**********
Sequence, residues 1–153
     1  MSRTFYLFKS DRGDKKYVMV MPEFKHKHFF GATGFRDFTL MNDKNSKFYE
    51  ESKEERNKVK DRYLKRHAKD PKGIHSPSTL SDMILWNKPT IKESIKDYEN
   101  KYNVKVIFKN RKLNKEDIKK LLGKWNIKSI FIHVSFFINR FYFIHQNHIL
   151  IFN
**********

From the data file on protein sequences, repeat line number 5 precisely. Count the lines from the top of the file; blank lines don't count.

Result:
   151  IFN